More teenagers will die from liver disease if 24-hour drinking goes ahead, two of the UK's top doctors have said.
In 2003-2004, 4,647 under-18s were admitted to hospital.
Longer opening hours will cause a rise in cirrhosis among young people, Ian Gilmore and Kieran Moriarty warned.
Government plans to liberalise drinking laws from November were "insane", the doctors told the Times newspaper.
But the Department for Culture, Media and Sport said the new laws would give police extra powers to deal with businesses serving underage drinkers.
A spokesman said: "We share doctors' concerns about the rise in drinking-related disease among young people.
"That's why the Licensing Act increases police powers to deal with businesses that serve alcohol to underage drinkers."
But he said excessive alcohol consumption often took place in the home and there was no evidence previous changes in UK licence led to increased drinking.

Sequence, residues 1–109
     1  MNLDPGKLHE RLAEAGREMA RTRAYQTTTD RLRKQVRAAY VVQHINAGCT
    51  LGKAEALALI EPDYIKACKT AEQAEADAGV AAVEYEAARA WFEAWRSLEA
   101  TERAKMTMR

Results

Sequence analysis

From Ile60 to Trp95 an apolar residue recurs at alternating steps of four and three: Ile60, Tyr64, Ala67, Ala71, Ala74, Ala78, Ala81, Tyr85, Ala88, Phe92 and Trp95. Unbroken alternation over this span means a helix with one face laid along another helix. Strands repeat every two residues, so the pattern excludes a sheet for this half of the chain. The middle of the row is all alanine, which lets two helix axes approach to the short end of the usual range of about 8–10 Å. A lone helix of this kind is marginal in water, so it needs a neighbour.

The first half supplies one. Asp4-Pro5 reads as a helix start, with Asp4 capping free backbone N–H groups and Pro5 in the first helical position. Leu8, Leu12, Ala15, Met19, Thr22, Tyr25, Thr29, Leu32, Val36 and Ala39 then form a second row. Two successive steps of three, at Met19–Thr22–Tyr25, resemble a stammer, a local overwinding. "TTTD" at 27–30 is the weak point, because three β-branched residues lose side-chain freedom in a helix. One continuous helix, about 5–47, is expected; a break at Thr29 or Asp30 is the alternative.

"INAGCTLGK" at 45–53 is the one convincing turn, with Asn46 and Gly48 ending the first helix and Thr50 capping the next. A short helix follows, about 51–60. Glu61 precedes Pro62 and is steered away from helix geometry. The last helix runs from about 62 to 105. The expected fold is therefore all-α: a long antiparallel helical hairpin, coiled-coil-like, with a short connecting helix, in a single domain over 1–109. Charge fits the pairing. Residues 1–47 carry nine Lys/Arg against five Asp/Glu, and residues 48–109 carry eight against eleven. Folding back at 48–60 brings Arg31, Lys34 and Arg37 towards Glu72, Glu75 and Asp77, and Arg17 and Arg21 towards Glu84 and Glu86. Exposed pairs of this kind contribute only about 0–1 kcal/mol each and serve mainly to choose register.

Culture Secretary Tessa Jowell has promised to keep the relaxation of licensing laws under review.
Professor Gilmore is the chairman of the Royal College of Physicians' alcohol committee and Dr Moriarty advises the Department of Health on liver disease.
They urged the government to reduce young people's access to alcohol.
Professor Gilmore told the Times: "Worldwide research shows that levels of consumption are heavily increased by price and availability.
"An increase in hours of sale is likely to be associated with a rise rather than a fall in alcohol consumption."
According to Royal College of Physicians figures, one in three 15-year-olds admit to having been drunk at least once.
Dr Moriarty told the BBC: "Now we're seeing patients in their thirties and twenties and even the occasional patient in their teens will irreversible alcoholic liver disease and dying in their twenties with irreversible alcoholic liver disease - with jaundice and liver coma, internal bleeding - and it's very distressing."
Government figures released at the start of the month showed the number of UK children admitted to hospital because of drinking alcohol had risen by 11% since the mid-1990s.
In 2003-2004, 4,647 under-18s were admitted to hospital, the equivalent of 13 a day - up from 4,173 in 1996-1997.